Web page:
The Supreme Court's employee speech cases further reflect that the interests at stake are not merely the speech rights of public employees and the functional needs of public employers—the interests of the public are also implicated. In Pickering, which involved a teacher speaking out against the school board's allocation of funds between educational and athletic programs, the Court recognized that “[t]eachers are, as a class, the members of a community most likely to have informed and definite opinions as to how funds allotted to the operations of the schools should be spent. Accordingly, it is essential that they be able to speak out freely on such questions without fear of retaliatory dismissal.” Pickering, 391 U.S. at 572, 88 S.Ct. 1731. The Court therefore recognized the “necessity for informed, vibrant dialogue in a democratic society” and the “widespread costs [that] may arise when dialogue is repressed.” Garcetti, 547 U.S. at 419, 126 S.Ct. 1951 (describing Pickering );accord San Diego v. Roe, 543 U.S. 77, 82, 125 S.Ct. 521, 160 L.Ed.2d 410 (2004) (per curiam) (“Were [public employees] not able to speak on [the operations of their employers], the community would be deprived of informed opinions on important public issues.”). As the Supreme Court has put the point, when it comes to the speech of public employees, “[t]he interest at stake is as much the public's interest in receiving informed opinion as it is the employee's own right to disseminate it.” Roe, 543 U.S. at 82, 125 S.Ct. 521. Synthesizing these considerations, the Court has held that “[s]o long as employees are speaking as citizens about matters of public concern, they must face only those speech restrictions that are necessary for their employers to operate efficiently and effectively.” Garcetti, 547 U.S. at 419, 126 S.Ct. 1951.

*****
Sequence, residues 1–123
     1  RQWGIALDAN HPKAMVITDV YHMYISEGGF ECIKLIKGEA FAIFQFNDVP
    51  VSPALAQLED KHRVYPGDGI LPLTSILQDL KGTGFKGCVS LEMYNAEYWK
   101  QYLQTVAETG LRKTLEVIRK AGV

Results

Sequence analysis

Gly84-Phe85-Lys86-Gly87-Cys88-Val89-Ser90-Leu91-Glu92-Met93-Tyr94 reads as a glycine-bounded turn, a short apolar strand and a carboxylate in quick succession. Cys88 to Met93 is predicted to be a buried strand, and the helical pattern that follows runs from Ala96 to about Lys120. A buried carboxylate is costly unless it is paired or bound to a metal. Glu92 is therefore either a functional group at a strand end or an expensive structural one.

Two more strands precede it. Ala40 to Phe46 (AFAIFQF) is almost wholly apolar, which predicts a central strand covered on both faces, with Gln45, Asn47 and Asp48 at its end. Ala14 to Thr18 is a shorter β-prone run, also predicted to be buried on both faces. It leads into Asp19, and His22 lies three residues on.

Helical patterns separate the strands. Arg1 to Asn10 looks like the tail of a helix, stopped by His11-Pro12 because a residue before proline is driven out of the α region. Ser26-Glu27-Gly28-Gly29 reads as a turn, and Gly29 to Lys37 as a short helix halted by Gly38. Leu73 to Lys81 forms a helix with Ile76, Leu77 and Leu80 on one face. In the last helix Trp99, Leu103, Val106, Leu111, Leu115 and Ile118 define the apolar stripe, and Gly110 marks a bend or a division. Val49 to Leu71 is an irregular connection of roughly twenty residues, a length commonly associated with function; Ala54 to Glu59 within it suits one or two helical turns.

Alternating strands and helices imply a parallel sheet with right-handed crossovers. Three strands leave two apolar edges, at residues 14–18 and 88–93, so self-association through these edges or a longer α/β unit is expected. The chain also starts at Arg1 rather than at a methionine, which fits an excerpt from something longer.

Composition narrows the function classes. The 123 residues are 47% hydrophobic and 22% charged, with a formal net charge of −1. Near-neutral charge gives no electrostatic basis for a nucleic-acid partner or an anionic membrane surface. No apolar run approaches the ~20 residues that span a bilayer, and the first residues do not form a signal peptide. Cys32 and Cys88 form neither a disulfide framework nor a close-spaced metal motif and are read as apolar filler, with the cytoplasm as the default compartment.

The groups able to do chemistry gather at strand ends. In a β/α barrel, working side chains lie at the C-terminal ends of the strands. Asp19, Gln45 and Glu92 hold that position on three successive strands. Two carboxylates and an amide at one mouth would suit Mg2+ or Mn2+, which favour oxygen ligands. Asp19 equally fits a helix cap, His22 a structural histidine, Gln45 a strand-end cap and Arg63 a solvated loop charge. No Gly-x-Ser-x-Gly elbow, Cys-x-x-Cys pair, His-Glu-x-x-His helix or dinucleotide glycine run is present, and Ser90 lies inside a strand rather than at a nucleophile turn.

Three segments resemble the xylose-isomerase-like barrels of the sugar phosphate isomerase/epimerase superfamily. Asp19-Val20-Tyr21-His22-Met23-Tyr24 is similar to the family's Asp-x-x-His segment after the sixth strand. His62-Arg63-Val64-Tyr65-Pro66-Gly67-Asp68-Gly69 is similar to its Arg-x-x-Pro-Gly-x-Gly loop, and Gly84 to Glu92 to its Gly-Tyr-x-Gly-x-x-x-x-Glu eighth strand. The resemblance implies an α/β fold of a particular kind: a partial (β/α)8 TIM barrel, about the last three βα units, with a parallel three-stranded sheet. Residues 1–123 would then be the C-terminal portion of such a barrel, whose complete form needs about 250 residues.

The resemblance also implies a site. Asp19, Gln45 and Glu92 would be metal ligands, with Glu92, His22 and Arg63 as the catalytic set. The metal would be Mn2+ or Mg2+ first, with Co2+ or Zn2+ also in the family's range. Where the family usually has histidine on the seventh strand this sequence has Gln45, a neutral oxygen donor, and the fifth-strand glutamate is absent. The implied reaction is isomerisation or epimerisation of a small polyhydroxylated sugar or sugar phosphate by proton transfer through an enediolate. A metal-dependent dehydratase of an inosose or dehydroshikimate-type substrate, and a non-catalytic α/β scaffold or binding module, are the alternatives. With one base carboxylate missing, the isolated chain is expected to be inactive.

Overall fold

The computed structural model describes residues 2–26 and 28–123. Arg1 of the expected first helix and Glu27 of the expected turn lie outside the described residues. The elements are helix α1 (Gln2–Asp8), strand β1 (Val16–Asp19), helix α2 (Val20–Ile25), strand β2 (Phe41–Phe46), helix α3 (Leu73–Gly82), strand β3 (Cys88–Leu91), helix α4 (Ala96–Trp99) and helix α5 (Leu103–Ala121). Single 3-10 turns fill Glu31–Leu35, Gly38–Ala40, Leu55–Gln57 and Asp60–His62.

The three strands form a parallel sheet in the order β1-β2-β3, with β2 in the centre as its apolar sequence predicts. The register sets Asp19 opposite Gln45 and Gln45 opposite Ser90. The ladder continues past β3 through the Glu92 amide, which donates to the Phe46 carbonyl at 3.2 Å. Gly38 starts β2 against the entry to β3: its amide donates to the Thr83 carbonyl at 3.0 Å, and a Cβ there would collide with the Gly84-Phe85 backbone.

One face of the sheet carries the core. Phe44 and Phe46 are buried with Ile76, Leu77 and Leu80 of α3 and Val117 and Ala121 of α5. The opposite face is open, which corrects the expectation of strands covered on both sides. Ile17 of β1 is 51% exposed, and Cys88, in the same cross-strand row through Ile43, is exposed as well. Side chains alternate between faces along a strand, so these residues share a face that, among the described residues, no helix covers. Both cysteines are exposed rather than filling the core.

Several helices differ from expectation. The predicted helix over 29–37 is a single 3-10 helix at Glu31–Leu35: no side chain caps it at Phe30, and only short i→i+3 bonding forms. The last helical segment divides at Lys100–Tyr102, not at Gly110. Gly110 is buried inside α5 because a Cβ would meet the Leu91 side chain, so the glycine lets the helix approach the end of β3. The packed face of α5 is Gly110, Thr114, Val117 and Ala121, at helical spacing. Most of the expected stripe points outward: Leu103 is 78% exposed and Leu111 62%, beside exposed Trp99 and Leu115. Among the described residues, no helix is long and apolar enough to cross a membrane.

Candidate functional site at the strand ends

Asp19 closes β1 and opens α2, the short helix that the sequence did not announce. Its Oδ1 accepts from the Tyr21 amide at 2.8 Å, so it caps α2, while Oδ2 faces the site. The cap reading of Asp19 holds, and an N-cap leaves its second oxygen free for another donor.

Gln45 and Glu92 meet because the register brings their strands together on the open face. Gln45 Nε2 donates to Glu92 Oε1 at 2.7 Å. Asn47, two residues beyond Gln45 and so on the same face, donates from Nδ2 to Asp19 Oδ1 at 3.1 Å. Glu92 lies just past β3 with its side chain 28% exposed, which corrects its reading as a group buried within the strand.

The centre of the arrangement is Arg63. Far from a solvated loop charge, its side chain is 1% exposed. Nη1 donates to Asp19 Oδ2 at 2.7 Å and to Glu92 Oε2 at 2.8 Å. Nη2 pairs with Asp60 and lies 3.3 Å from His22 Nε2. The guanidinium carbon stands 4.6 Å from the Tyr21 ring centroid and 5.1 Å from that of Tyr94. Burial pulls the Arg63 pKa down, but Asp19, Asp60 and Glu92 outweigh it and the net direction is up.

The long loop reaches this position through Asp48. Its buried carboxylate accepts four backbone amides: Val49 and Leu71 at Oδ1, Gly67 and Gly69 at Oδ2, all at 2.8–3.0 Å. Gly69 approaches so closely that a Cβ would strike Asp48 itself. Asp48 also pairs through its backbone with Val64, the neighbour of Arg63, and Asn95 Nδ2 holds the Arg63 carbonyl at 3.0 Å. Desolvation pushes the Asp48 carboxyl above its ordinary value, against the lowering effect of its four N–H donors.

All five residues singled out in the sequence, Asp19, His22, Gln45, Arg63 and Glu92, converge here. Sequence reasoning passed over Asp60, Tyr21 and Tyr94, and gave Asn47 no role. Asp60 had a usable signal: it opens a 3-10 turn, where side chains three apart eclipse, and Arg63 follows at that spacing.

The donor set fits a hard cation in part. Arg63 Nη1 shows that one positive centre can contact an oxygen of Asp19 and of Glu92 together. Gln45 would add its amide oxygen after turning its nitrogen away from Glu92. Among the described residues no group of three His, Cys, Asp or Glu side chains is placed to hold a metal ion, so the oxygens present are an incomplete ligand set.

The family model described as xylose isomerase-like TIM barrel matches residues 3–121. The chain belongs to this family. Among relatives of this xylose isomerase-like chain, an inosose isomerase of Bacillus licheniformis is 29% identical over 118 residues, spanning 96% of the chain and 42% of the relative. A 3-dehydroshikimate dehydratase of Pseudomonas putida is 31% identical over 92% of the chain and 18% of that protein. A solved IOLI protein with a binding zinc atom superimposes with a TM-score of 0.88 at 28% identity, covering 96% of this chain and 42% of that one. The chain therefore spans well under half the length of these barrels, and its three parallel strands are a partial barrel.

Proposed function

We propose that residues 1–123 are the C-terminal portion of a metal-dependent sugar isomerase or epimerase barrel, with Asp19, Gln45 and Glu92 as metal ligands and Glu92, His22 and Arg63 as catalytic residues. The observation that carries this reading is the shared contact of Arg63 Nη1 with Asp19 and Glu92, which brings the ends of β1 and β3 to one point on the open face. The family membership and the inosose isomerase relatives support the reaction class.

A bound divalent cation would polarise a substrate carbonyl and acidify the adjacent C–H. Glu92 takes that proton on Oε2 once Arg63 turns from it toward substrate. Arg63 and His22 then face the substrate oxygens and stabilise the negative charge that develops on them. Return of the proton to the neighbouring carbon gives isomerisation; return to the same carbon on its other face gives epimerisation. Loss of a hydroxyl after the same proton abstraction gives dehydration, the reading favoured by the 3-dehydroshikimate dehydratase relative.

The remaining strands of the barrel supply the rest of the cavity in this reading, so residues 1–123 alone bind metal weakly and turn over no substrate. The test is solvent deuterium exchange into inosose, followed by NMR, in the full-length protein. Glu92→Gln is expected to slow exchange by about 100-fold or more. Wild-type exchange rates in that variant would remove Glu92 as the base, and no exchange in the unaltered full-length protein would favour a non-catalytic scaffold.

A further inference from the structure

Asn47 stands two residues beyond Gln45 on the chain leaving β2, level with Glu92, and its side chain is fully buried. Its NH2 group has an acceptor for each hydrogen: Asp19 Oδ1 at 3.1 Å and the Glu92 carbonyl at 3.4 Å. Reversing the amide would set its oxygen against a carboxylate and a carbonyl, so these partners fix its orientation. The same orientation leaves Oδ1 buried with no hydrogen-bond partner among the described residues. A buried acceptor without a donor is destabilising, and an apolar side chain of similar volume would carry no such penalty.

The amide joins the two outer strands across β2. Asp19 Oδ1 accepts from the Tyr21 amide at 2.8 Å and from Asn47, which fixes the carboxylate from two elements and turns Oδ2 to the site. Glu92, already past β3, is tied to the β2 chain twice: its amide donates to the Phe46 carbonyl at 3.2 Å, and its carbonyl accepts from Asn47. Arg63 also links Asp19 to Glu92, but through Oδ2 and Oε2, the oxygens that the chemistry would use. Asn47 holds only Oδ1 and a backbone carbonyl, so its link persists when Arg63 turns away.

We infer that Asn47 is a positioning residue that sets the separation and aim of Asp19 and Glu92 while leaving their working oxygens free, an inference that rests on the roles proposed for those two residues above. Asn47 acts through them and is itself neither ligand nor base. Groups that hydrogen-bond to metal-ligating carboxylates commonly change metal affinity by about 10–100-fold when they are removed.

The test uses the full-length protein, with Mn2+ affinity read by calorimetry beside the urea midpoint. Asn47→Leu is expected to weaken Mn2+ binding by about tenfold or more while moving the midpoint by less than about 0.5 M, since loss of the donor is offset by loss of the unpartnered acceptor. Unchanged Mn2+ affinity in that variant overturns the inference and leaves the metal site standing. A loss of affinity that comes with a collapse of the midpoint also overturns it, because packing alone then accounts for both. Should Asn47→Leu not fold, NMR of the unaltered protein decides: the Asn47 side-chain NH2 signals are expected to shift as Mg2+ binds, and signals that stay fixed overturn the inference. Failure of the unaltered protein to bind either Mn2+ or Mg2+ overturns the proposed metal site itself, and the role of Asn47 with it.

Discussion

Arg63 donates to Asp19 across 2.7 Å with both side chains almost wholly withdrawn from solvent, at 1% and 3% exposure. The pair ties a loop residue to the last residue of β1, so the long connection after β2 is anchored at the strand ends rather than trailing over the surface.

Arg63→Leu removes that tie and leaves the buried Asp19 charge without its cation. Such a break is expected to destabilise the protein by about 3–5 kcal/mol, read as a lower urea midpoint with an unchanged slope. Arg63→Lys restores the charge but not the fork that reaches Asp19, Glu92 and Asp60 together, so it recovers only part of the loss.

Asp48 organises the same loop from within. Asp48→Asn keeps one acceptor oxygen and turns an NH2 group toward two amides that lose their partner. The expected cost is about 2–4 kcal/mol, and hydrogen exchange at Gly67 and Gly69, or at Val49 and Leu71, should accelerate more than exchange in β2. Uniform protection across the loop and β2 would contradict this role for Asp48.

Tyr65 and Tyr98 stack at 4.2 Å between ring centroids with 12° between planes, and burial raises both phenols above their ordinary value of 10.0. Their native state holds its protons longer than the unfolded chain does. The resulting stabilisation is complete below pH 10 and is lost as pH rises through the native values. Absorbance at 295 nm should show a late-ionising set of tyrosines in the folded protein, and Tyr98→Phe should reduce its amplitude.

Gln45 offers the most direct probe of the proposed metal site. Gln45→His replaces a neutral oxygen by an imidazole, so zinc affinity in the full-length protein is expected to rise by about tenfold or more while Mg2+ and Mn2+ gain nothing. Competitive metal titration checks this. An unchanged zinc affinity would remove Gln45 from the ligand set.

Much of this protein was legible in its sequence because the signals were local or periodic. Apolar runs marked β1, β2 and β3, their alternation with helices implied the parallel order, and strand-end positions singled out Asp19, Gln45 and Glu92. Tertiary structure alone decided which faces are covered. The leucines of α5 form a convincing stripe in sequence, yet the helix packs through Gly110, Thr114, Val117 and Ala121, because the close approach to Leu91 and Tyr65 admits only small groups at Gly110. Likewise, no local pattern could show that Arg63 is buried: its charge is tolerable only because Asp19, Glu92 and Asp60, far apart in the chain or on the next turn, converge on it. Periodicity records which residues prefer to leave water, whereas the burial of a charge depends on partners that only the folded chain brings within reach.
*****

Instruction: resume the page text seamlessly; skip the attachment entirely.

The line of cases most apposite to Officer Matthews' speech begins with Garcetti. There, the Supreme Court applied these principles to employee speech that, undisputedly, occurred in the course of an employee's performance of his day-to-day job duties. In that case, a deputy district attorney alleged that he was punished for writing a disposition memo recommending dismissal of a pending criminal prosecution due to his concerns that an affidavit used to obtain a critical search warrant contained inaccuracies. Id. at 414–15, 126 S.Ct. 1951. In finding this speech unprotected, the Supreme Court emphasized that it was not dispositive that the plaintiff expressed his views only inside his office, rather than publicly, nor that his speech concerned the subject matter of his employment. Id. at 420–21, 126 S.Ct. 1951. To deny constitutional protection based on these factors, the Court recognized, would contravene its teachings that employees do not lose all constitutional protection for speech made at work, see Givhan v. W. Line Consol. Sch. Dist., 439 U.S. 410, 414, 99 S.Ct. 693, 58 L.Ed.2d 619 (1979), and that public employees have important perspectives to lend to public discourse about matters of public concern relating to their employment, see Pickering, 391 U.S. at 572, 88 S.Ct. 1731.